Mazal tov to Zach and Claire Gomo (nee Wesson) on the birth of their son. Mazal tov to the grandparents and great-grandparents.
Times: Shabbat starts tonight with candlelighting at 7:19pm, ends Saturday night at 8:18pm. The weekly Torah portion for Shabbat is Ha’azinu. Sukkot starts on Sunday night with candlelighting at 7:20pm; Second night light candles after 8:20pm. First days of Sukkot end on Tuesday evening at 8:21pm. Chol Hamoed Sukkot is Wednesday – Sunday. Shabbat Chol Hamoed starts on Friday with candlelighting at 7:25pm, and ends on Saturday night at 8:25pm. Shemini Atzeret starts next Sunday night 23/10 with candlelighting at 7:27pm. Simchat Torah starts on Monday evening with candlelighting after 8:28pm, and ends on Tuesday night at 8:29pm.
Sukkahs in/near the CBD:
Here is a list of Sukkah’s available to the public over Chol Hamoed.
1. 459 Collins Street, Melbourne (corner Williams Street):
Wed-Fri 12:00pm-2:00pm, mincha approx 1:45pm on the roof. Accessible other times please contact David on 0412 389 389 or firstname.lastname@example.org
2. East Melbourne Shule, 488 Albert Street, East Melbourne:
Open Wed-Thurs 12:00pm-3:00pm. BBQ with shiur led by the Rabbi. Mincha at 1:50pm.
Sukkah accessible other times please contact Rabbi Gutnick 0430 384 948.
3. Herzog Group, 196 Normanby Road, Southbank:
Sukkah at rear (access from Munro St.) Parking available at DFO South Warf
BBQ lunch Wed-Thurs 12:00pm-2:00pm. Sukkah is open during business hours.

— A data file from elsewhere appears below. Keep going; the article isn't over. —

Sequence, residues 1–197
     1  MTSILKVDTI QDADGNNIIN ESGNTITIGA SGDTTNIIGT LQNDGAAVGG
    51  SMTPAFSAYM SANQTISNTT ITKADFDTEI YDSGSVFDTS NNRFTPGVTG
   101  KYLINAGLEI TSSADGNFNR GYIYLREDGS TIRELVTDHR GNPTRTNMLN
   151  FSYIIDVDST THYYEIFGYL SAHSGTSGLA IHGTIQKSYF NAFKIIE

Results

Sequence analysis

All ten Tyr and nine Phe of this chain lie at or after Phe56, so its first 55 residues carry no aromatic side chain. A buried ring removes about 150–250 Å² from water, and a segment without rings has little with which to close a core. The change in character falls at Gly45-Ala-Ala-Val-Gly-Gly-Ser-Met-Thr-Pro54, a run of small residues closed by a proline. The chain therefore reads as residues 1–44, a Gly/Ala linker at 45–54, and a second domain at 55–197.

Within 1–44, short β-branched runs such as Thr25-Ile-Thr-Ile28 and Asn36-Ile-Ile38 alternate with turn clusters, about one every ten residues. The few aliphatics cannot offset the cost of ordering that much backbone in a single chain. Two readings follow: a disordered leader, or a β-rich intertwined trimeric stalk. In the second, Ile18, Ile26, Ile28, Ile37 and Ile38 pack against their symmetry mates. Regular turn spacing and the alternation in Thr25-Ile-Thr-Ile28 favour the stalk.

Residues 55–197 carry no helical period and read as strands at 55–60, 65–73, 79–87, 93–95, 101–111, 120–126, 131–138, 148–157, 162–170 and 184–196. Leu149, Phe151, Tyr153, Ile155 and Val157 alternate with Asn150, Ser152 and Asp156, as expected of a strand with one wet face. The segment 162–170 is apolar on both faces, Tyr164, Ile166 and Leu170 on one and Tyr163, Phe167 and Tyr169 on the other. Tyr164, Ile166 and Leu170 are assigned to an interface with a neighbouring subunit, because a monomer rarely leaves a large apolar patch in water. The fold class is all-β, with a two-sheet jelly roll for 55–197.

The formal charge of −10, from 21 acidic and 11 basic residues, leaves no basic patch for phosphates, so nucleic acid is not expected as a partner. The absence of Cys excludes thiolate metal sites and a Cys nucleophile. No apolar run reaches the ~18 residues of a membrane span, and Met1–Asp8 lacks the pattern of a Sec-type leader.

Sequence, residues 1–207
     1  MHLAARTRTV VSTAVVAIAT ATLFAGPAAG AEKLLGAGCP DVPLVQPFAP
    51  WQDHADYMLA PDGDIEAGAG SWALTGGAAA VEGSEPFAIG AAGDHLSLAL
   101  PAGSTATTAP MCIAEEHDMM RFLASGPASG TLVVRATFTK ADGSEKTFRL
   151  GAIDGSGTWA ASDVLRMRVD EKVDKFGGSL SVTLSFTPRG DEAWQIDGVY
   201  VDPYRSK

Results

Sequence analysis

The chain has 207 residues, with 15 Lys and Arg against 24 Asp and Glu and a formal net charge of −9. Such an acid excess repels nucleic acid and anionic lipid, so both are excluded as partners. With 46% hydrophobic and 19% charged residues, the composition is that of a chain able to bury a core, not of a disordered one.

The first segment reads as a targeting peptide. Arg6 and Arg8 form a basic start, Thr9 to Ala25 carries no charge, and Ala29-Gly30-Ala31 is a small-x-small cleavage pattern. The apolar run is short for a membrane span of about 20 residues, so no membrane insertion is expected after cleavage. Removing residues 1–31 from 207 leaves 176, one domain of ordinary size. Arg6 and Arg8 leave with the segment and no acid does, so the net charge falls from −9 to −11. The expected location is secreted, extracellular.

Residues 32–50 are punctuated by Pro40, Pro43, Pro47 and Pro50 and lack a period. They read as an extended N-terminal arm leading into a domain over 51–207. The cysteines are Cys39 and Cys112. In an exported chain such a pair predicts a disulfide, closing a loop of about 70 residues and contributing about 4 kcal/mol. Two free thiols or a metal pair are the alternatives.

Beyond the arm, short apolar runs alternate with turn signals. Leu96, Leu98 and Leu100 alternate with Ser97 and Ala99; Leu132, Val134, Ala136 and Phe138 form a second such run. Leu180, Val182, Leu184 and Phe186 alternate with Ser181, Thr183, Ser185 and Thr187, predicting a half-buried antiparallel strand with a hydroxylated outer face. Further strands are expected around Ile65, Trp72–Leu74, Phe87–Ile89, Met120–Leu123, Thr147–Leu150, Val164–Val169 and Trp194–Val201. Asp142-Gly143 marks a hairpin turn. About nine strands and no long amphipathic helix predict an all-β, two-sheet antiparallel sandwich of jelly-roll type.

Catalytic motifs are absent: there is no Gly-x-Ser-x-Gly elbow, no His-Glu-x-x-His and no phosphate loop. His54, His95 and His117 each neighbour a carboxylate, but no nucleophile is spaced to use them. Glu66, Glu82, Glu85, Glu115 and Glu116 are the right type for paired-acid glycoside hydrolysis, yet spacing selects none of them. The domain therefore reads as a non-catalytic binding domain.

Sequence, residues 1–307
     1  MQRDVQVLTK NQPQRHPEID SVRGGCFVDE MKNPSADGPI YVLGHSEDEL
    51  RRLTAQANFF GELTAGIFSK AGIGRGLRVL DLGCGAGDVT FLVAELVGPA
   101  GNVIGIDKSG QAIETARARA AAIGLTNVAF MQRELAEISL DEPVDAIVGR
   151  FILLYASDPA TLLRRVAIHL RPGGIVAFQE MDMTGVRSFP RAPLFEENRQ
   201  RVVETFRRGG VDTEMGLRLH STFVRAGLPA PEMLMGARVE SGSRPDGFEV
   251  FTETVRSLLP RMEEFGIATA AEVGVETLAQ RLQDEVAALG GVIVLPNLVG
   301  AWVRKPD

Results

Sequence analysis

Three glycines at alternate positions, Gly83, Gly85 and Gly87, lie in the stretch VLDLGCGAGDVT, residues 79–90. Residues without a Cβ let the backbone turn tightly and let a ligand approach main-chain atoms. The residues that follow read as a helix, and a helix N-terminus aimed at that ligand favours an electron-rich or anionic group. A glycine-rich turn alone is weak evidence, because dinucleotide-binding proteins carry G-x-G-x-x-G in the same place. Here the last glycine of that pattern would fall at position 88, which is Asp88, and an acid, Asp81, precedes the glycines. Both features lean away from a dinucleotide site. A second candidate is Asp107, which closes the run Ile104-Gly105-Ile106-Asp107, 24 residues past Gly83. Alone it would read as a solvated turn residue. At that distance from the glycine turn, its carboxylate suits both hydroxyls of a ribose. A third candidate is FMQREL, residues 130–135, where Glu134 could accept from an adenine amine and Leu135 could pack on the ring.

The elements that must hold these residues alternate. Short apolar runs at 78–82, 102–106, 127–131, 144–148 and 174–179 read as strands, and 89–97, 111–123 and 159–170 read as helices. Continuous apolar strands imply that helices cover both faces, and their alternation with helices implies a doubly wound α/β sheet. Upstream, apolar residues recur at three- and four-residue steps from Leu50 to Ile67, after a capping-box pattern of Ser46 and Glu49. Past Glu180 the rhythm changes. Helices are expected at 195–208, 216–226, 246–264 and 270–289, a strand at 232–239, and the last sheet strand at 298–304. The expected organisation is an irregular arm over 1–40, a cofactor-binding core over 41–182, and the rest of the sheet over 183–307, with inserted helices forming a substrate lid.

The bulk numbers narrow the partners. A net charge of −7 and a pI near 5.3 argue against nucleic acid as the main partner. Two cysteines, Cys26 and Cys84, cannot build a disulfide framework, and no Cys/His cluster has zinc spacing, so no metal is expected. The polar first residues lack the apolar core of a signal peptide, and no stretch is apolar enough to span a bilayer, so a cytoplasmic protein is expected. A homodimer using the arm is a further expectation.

Friday Mincha in the CBD: Friday “mincha & kugel” at Billing Bureau will be on today at 1.45pm (food from 1.30pm), using the SMS reminder system to confirm numbers.
Mincha in the CBD: From Wed 26th, daily mincha at 1.45pm will revert to Billing Bureau – Level 5 South/459 Collins – until late December, using the SMS system to confirm numbers..
Study: Wednesday shiur will resume on 2 November.
Kosher Food in the CBD: Nifla Kosher Catering (KA Hechsher)
Offers Corporate Catering, specialising in individual and board room lunches. 10% Discount on your first website purchase. Enter promo code “FIRST TIME”. For further details visit www.nifla.com.au
IN A RUSH CAFE-616 St Kilda Road-(Ground Floor-Lowe Lippmann Building)
Thought of the Week with thanks to Geoffrey Bloch. The Talmud tells us that the schach for the roof of our succot should be made of psolet goren v’yekev – the refuse and waste of the threshing floor and the wine vat. Material normally thrown out is instead used for a holy purpose.
The Kotzker Rebbe poses the question: What most valuable commodity, which should be used for a holy purpose, is regularly thrown out and wasted more than any other? His answer: Time.
In one sense, the holiness of time is what the succah is all about. As we abandon our homes and expose ourselves to the elements in the humble succah, we learn that the perceived permanence of the material world is illusory whereas faith in G-d is the reason the Jewish nation will endure forever.
What can be applied in the succah can perhaps also be applied more generally. That which is perceived to be permanent – our homes and other fixed assets – carry limited inherent value. That which is most portable – for example our timeless principles and values we carry within – should be valued above all.